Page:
Officials Seek Reprisal Against Believers for Unrest in Central Highlands
Special to Compass Direct
HO CHI MINH CITY, April 16 (Compass) -- Evangelical Christians blamed for the unrest in Vietnam's Central Highlands in early February have been abducted, tortured and prevented from worshipping together by security police, according to reports from the region.
The latest pressure on ethnic minority Christians in Vietnam stems from accusations by government officials that Christians are associated with the Dega separatist movement based in Dac Lac and Gia Lai provinces. Recent violent protests over land and religious rights issues in the Central Highlands have put the government on edge and prompted provincial officials to seek reprisal for the disturbances.
"We will severely punish Christian believers in the three provinces of the Western Highlands, so that they will not be able to raise their head," said Mr. Y. Luyen on February 8 to a group of local citizens from Cu Eber Commune in the Cu Jut district of Dac Lac province. Luyen, the Communist Party secretary of Dac Lac province, had invited those who were not Christians to meet at the peoples' committee office in the commune.
The next day, police began to carry out his threat.
Christians in Buon Ea Mhdar in the Buon Don district reported that security police had prevented them from gathering. Similar reports came from believers in Krong Pac, Ea H'leo and Ea Sup districts.
Pastors and evangelists throughout Dac Lac province indicated that they were not able to function at all. Even weddings and baptisms had to be cancelled. Churches were effectively cut off from their leadership.
Other credible reports gave specific examples of pressure on Christians in Dac Lac province during the February unrest. On February 3, Mr. Ama Ger, a resident of the Cu Bur Commune in the Cu Jut district, was abducted at night by security police and badly beaten. He was taken to a hospital, but his family has been refused permission to visit him. Reports that he has died have not been confirmed.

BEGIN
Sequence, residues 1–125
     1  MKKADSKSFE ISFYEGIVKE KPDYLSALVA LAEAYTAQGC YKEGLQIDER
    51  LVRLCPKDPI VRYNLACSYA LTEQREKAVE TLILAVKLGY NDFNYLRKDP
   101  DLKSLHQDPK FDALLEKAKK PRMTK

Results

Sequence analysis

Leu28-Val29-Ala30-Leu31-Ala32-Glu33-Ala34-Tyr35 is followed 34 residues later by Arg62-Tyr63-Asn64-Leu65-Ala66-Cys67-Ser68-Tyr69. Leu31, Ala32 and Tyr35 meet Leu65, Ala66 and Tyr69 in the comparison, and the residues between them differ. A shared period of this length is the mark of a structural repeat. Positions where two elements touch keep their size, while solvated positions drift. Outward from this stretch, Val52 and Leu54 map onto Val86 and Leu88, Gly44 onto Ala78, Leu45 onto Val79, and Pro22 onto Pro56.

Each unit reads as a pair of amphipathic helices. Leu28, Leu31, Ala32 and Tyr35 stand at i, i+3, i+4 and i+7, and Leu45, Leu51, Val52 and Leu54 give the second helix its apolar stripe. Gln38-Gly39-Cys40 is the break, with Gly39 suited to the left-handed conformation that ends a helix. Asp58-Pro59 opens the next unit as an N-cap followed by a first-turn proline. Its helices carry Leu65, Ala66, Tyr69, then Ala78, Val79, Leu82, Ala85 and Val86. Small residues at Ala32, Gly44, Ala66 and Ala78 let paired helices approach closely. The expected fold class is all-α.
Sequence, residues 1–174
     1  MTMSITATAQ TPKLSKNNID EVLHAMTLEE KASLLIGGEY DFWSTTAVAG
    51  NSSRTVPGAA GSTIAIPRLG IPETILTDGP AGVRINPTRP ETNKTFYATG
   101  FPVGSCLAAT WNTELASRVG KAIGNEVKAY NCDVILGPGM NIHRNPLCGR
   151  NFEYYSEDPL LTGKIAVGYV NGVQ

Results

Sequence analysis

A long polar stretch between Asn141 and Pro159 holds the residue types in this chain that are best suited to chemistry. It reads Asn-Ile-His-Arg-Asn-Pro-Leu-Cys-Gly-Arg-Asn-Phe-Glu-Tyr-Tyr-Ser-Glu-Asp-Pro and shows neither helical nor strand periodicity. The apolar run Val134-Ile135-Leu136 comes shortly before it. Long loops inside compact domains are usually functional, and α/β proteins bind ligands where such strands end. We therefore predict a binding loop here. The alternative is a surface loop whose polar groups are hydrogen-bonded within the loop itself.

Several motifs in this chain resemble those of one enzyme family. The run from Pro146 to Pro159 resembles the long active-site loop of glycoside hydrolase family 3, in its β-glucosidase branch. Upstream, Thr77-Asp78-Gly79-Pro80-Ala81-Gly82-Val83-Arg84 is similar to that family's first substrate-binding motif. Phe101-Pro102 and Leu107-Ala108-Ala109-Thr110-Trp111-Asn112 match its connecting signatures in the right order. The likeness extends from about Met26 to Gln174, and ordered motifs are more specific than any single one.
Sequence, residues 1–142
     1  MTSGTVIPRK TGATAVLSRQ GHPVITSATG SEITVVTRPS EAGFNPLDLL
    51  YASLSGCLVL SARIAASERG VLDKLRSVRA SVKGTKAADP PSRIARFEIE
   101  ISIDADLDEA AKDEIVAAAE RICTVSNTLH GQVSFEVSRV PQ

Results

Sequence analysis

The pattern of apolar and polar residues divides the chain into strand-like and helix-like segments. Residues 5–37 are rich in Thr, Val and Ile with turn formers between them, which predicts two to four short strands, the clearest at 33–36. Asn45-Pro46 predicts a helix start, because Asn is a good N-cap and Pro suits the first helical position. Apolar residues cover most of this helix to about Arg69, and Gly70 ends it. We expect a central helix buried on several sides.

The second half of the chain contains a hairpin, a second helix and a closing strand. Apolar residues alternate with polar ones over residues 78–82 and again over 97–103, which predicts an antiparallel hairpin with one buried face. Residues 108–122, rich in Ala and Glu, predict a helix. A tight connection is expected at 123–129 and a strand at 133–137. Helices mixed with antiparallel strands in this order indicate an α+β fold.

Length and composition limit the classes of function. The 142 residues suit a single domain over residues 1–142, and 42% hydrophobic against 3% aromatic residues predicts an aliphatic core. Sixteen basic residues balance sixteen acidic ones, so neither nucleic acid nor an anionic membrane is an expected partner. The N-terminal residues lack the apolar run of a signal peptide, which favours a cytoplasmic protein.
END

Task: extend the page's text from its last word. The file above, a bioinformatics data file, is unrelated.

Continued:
Mr. Ama Sinh of Buon Bon Commune in Buon Don district was abducted and tortured by security police, even though he had not participated in the demonstrations. Three others in the same commune were also tortured.
Many people of Buon Ea Sup, Buon Cuor Knia and Ea H'leo district reportedly fled to the forest. Some have been captured and have disappeared. When others from these areas go to the market to buy food, they are followed by government agents, who swear at them, mock them and make their life extremely difficult, reported sources closely connected with the minority churches.
In Gia Lai province, authorities tore down a Protestant church on March 10 in their continuing efforts to clamp down on ethnic unrest, the Associated Press reported on March 28.
In recent years, thousands of minority peoples have become Christians, particularly among the Mnong, Ede, Jarai, and Bahnar peoples who live in the regions where the demonstrations took place. One group, the Ede, have seen the number of Protestants grow from 15,000 in 1975 to more than 150,000 today.
Several hundred churches of the minority peoples were confiscated or destroyed immediately following the communist takeover in 1975. Yet the number of tribal minority Christians continues to grow dramatically, even according to government figures. Denied church buildings in most places, many hundreds of minority Christian congregations are forced to worship in circumstances considered "illegal" by the government.
Copyright © 2001 Compass Direct News Service. Used with permission.